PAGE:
Maritime history is the history of mankind’s relation to the sea. The peer-reviewed
Brill’s Studies in Maritime History welcomes studies on maritime history primarily international and comparative, with a global perspective. It regards maritime history as the history of the people who sail on the sea and live round the sea, that is, of littoral societies, of maritime regions, of seas and oceans, of the effects on land of man’s interaction with the sea. Maritime history is approached as widely as possible, as delineated by the important Dutch-Australian maritime historian Frank Broeze: it includes the use of the surface of the sea for transport and maritime business; the use of the resources of the sea and its subsoil; the use of the sea for power projection; the sea as an area for scientific exploration; the use of the sea for leisure activities; the use of the sea as an inspiration in culture and ideology. Maritime history offers the liberation of a borderless world in a synthesis of history and the social sciences, including economics, sociology, anthropology, linguistics and geography.
Authors are cordially invited to submit proposals and/or full manuscripts to either the series editor
Gelina Harlaftis or the publisher at BRILL,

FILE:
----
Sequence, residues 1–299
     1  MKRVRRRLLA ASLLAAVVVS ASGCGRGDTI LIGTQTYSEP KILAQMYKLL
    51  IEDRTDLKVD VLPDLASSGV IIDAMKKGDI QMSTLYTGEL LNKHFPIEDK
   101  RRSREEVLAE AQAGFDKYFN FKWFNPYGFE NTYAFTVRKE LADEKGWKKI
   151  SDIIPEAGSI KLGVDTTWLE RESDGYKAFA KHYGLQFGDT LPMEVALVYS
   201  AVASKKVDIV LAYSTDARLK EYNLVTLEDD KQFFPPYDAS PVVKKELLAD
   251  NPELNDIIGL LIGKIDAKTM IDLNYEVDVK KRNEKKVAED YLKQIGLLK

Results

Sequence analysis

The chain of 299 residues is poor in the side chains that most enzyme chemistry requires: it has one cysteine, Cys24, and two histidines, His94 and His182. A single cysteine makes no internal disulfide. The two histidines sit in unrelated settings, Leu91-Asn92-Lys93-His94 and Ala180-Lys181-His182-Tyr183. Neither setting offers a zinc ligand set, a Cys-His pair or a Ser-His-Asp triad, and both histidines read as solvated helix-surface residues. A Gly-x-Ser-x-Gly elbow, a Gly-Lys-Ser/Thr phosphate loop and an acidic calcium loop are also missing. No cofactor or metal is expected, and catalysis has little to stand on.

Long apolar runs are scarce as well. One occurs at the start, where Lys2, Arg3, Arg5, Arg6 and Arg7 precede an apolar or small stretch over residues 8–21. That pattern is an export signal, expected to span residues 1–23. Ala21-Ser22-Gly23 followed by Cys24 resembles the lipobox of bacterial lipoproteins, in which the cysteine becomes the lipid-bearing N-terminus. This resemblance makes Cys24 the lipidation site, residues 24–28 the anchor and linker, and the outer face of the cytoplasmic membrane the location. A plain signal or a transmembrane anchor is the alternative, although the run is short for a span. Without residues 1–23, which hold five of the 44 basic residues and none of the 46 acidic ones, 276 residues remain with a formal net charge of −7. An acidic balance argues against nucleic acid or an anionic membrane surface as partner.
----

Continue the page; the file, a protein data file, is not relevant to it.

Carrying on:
Brill Open offers you the choice to make your research freely accessible online in exchange for a Publication Charge. This can be by choice or to comply with funding mandates or university requirements. Brill offers various options of Open Access; for more information please go to the
Brill Open webpage.
This is a new series with an average of one volume per year.
Series Editor: Gelina Harlaftis,
Institute for Mediterranean Studies/Foundation of Research and Technology - Hellas (FORTH) and
Ionian University, Greece
Editorial Board: Maria Fusaro,
University of Exeter, U.K. Michael Miller,
University of Florida, U.S.A. Sarah Palmer,
University of Greenwich, U.K. Amelia Polónia,
University of Porto, Portugal David Starkey,
University of Hull, U.K. Malcolm Tull,
Murdoch University, Australia Richard W. Unger,
University of British Columbia, Canada